New NSF grant aims to make non-volatile memory technologies more usable
Their team will work closely with researchers at Intel and Microsoft.
NVM devices retain stored information even after the power supply is turned off. Emerging NVM technologies include magnetic random-access memory (MRAM), spin-transfer torque random-access memory (STT-RAM), ferroelectric RAM, phase-change memory (PCM), and resistive RAM.
"Compared to conventional main memory technologies, non-volatile memory (NVM) is emerging as a revolutionary technology that promises close performance and larger storage capacity, while offering data durability," said Huang, an assistant professor of electrical and computer engineering. "We have already seen real NVM devices on the market. However, how to use them in computing systems in a simple and efficient way is still a big research challenge. In this project, we will develop systems and architecture techniques to improve their programmability, performance, and scalability."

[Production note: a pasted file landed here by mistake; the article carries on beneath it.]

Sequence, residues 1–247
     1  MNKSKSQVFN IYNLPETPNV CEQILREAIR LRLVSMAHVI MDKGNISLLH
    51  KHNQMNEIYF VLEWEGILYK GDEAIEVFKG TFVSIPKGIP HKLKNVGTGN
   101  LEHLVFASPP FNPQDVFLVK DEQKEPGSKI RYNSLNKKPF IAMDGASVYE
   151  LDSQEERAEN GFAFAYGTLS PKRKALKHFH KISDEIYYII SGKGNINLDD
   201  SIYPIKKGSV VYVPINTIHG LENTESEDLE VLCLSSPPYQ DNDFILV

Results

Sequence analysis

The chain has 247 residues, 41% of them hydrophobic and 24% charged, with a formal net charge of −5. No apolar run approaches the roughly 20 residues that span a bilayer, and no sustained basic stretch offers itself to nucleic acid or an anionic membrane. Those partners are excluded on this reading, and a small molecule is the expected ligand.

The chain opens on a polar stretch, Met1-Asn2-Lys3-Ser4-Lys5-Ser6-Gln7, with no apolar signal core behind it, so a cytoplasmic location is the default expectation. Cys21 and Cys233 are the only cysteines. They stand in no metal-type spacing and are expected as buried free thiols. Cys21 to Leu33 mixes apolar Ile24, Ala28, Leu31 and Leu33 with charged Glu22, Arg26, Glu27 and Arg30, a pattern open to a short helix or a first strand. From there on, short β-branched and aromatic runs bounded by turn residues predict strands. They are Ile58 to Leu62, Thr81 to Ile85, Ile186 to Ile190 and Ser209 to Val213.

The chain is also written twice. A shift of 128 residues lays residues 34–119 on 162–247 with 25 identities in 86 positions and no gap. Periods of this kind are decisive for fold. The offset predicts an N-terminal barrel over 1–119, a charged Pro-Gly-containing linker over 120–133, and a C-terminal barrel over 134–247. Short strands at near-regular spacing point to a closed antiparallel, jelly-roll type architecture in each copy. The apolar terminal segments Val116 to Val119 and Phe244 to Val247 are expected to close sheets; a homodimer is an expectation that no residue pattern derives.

Torrellas, the Saburo Muroga Professor in Computer Science, and Huang, his co-PI, will build an easy-to-use and generic programming framework for NVMs that requires minimal programmer involvement.
The team will redesign hardware primitives in the processor and memory hierarchy to minimize the overhead of both memory persistency operations and other operations to enhance system usability. They will also develop distributed data persistency models and apply them to a distributed computing environment with NVM.
The four-year research project, “Cross-Cutting Effort to Make Non-Volatile Memories Truly Usable,” will begin on October 1.